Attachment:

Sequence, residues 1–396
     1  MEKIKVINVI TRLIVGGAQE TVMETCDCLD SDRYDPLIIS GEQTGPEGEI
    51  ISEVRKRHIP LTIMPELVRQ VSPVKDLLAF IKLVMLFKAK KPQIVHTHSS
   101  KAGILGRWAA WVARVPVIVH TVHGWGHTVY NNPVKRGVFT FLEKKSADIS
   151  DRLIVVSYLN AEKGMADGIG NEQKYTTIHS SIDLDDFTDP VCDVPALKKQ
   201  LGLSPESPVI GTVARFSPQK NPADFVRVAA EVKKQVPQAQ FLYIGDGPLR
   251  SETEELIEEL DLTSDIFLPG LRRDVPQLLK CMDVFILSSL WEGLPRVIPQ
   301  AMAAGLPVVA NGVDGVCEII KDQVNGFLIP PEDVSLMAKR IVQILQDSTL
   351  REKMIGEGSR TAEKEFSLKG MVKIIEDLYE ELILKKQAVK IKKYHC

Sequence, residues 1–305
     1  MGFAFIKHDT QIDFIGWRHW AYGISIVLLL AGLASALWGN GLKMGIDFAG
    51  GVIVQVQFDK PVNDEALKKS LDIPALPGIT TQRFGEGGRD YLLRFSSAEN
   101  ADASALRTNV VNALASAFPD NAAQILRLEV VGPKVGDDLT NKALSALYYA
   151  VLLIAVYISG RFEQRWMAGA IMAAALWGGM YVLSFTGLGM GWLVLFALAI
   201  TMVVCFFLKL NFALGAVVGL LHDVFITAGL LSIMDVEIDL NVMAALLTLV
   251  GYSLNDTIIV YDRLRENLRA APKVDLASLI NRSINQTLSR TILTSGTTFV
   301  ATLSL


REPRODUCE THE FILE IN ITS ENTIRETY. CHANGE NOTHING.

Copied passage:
Sequence, residues 1–396
     1  MEKIKVINVI TRLIVGGAQE TVMETCDCLD SDRYDPLIIS GEQTGPEGEI
    51  ISEVRKRHIP LTIMPELVRQ VSPVKDLLAF IKLVMLFKAK KPQIVHTHSS
   101  KAGILGRWAA WVARVPVIVH TVHGWGHTVY NNPVKRGVFT FLEKKSADIS
   151  DRLIVVSYLN AEKGMADGIG NEQKYTTIHS SIDLDDFTDP VCDVPALKKQ
   201  LGLSPESPVI GTVARFSPQK NPADFVRVAA EVKKQVPQAQ FLYIGDGPLR
   251  SETEELIEEL DLTSDIFLPG LRRDVPQLLK CMDVFILSSL WEGLPRVIPQ
   301  AMAAGLPVVA NGVDGVCEII KDQVNGFLIP PEDVSLMAKR IVQILQDSTL
   351  REKMIGEGSR TAEKEFSLKG MVKIIEDLYE ELILKKQAVK IKKYHC

Sequence, residues 1–305
     1  MGFAFIKHDT QIDFIGWRHW AYGISIVLLL AGLASALWGN GLKMGIDFAG
    51  GVIVQVQFDK PVNDEALKKS LDIPALPGIT TQRFGEGGRD YLLRFSSAEN
   101  ADASALRTNV VNALASAFPD NAAQILRLEV VGPKVGDDLT NKALSALYYA
   151  VLLIAVYISG RFEQRWMAGA IMAAALWGGM YVLSFTGLGM GWLVLFALAI
   201  TMVVCFFLKL NFALGAVVGL LHDVFITAGL LSIMDVEIDL NVMAALLTLV
   251  GYSLNDTIIV YDRLRENLRA APKVDLASLI NRSINQTLSR TILTSGTTFV
   301  ATLSL